The guys in our driveshed coffee club have announced that we are now in the ‘storm before the calm’ and have decided they will talk about almost anything rather than the latest virus variant. So the subject moved this week to the calls they have been getting from Statistics Canada to give a better picture of the state of the farm economy.
I don’t know how you would get a clear picture of anything by talking to a farmer because they all say one thing one day and something completely different the next. I remember my neighbor Oscar telling me last spring that he had planted 500 acres of corn. But in November he said he was taking off only 400 acres. When I mentioned the discrepancy he looked at me blankly, as if I was telling him the plot-line for an Italian opera.
I brought this up at the coffee club and asked if it was just me or did anyone else find farmers such a reliable source of suspect information? Earl the Squirrel, the cowboy poet, was the first to volunteer an opinion.
“There is a phenomenon we call ‘Farmer Math’,” said Earl. “Farmer Math is different from ordinary math because the computation is made in the spring when the morning sun flatters the mountaintops with a sovereign eye and hope is in the air. No bad news has come in yet. Oscar probably told you the truth when he says he put in 500 acres of corn, but the crop got off to a droughty start. He might have been lucky to average 90 bushels on some of those fields. So in November he gets out his iPad and recalculates the whole business with the benefit of hindsight. He reminds himself that he shouldn’t really count those bald spots in one field, or the headlands on another or the little marsh in the back corner of yet one more. By the time he’s finished he’s down to a base of 400 acres, and he has pushed his yield up to 140 bushels which may not make his heart soar like the eagle, but it certainly helps him get off the couch and walk again.”
Earl was warming to his subject, so I just leaned back and made notes.
“When yields are high, a farmer will always attribute that success to management, never the weather. If he sets a record for the field, he will attribute it to some mail-order bolt-on planter attachment or his pinpoint timing of a herbicide application. He will never acknowledge that weather conditions were perfect all season.
“Conversely, a low yield reminds him of all the acts of God that intervened between the time he ordered the seed and the day he got the cheque from the elevator.”
“Acts of God meaning the weather?” I offered.
“You can’t rely on the weather to explain yield differences in two fields right next to each other. You need special acts of God that could have happened only to him. The first culprit is always the herbicide company. I don’t know why people still use herbicides when you think of all the damage they have done to perfectly good crops over the years.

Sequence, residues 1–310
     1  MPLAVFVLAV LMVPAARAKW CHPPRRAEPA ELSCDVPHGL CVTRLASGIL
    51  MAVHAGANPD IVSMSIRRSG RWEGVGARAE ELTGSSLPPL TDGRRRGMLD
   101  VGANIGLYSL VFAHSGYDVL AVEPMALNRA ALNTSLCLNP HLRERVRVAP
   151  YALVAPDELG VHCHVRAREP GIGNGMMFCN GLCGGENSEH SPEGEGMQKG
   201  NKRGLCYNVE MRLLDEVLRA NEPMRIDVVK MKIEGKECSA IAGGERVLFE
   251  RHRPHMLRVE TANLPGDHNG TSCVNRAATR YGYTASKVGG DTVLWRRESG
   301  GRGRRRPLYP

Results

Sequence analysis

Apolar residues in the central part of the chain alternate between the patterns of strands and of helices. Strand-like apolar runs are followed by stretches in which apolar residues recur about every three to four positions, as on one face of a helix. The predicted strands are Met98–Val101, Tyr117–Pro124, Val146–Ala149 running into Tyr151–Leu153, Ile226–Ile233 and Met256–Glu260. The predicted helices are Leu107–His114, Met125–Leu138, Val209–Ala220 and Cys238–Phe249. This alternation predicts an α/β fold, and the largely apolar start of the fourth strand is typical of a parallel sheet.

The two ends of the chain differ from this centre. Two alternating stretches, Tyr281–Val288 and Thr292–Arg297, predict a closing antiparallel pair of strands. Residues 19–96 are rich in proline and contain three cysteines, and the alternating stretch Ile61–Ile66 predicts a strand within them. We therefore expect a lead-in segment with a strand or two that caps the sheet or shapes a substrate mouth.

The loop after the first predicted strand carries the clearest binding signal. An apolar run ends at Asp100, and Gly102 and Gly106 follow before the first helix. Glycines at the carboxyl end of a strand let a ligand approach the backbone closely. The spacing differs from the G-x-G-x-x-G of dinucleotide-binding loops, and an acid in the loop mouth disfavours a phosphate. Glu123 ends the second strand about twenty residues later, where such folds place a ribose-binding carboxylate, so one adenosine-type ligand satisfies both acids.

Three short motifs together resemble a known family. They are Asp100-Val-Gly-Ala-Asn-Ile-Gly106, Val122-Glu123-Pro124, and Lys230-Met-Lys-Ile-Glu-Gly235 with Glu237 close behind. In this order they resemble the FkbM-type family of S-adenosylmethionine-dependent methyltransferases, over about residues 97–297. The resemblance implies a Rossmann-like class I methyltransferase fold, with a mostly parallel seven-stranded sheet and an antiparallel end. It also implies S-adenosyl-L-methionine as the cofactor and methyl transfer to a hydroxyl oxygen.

“The next target is always the neighbour. If yield is down, it was probably due to the neighbor’s herbicide, or his tile drainage or his leaning fence line. I’m surprised there isn’t legislation against them by now. Leaning fence lines wipe out 15% of the nation’s cropland production every year, but it goes unreported by Statistics Canada because there is no box for it on the questionnaire. You could feed Somalia if the farmers of this country would just get out there and straighten up their fences.”
I leaned over to refill Earl’s coffee but he held up a hand and rose to go.
“You’ve heard of the yield ‘bump’, haven’t you? That’s any management technique you use to raise yields, like planting depth, soil temperature, row width…anything like that. Then there’s a yield ‘dump’. That’s shrinkage that can occur for just as many reasons.
Yield dumps can be caused by the custom fertilizer applicator, crop consultants, the seed quality…in short, any person who provided a service to that field and charged a fee for it. Then there’s the family. Any cash cropper who is dragged out of the field for a Mother’s Day supper can prove to you with a calculator that the lost time triggered a yield dump that was worth anywhere from 8 to 30 bushels of corn.”
“Wildlife damage is another yield dump. Raccoons have been known to eat 25 bushels per acre. And the amazing thing is they will eat in a uniform pattern across the entire field. We call this the ‘wildlife constant’.”
Earl stuck his coffee cup in the parts washer. At the door, he paused.
“Oscar is a truthful man in all respects, but when it comes to the difference between the truth and a man’s cheeriness, there are some harmless fictions that can lift a person’s spirits. Let’s face it, 90 bushels is a number that would make an angel weep. Farmer math works as a wonderful restorative when the sedge has withered from the lake and no birds sing.”
As I say, how Statistics Canada manages to make any sense of this remains a mystery to me.
Dan Needles is the author of the Wingfield Farm stage plays. He lives on a small farm near Collingwood, Ont. His website is danneedles.ca